Boston Red Sox future depends on Xander Bogaerts & Rafael Devers decisions

Xander Bogaerts #2 of the Boston Red Sox is congratulated by Rafael Devers #11 (Photo by Maddie Meyer/Getty Images)
Xander Bogaerts #2 of the Boston Red Sox is congratulated by Rafael Devers #11 (Photo by Maddie Meyer/Getty Images) /

The Boston Red Sox, just like every other team in the MLB currently, are stuck waiting out the MLB lockout. But that doesn’t mean the team is just sitting at home, kicking their feet up and watching the NFL Playoffs.

Nope, and quite frankly, it would be an embarrassment if they were. That’s because the Sox have a lot of work left to accomplish this offseason. Whenever the lockout ends, Boston is going to enter a pivotal stretch that will help determine what direction this franchise is headed in over the next few years.

Work still needs to be done in free agency, and quite frankly, the early returns were very disappointing. The team still needs to add another outfielder after trading away one of their starters, Hunter Renfroe, for virtually nothing. And despite adding some more arms in Michael Wacha, James Paxton, and Rich Hill, none of those guys can be relied upon for consistent production, making it likely there will still be more pitching help brought in too.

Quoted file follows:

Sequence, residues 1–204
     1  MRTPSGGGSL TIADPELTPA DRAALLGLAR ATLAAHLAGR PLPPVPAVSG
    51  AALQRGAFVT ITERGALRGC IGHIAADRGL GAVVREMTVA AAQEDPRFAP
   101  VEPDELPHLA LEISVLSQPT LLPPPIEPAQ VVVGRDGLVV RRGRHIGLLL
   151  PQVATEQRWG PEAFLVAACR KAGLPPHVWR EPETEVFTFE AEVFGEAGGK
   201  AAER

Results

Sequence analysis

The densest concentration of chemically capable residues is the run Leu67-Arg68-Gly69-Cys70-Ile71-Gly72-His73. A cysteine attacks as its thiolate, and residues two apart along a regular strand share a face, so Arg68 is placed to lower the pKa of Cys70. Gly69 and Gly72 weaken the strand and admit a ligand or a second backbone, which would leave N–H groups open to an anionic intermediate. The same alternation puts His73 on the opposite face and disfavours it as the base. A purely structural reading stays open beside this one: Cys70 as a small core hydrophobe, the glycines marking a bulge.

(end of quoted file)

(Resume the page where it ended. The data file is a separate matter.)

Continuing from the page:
The Red Sox have some things to figure out in free agency, but their two biggest decisions revolve around players already on their roster, and that would be Xander Bogaerts and Rafael Devers. Both could be set to hit free agency within the next two years, but the front office has shown no urgency to lock them up to new deals. These two decisions will single-handedly determine where this team is going, and the front office needs to have a plan for when the lockout ends.

The Boston Red Sox need to figure out what they are doing with Xander Bogaerts & Rafael Devers

Pretty much anything is on the table when it comes to Bogaerts and Devers. The Sox shortstop-third base duo are the two best players on Boston’s roster, but their futures with the team are seemingly up in the air. Bogaerts can opt out of his current deal after the 2022 season (and has stated that he will do so) while Devers has one season left of arbitration before he can hit free agency in 2024.